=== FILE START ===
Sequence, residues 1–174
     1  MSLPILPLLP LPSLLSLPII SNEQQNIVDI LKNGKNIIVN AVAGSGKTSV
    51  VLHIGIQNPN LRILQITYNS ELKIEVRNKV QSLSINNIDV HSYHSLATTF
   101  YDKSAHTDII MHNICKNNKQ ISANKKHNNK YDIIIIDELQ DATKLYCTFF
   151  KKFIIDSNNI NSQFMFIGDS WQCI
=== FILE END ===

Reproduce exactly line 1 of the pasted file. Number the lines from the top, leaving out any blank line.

Sequence, residues 1–174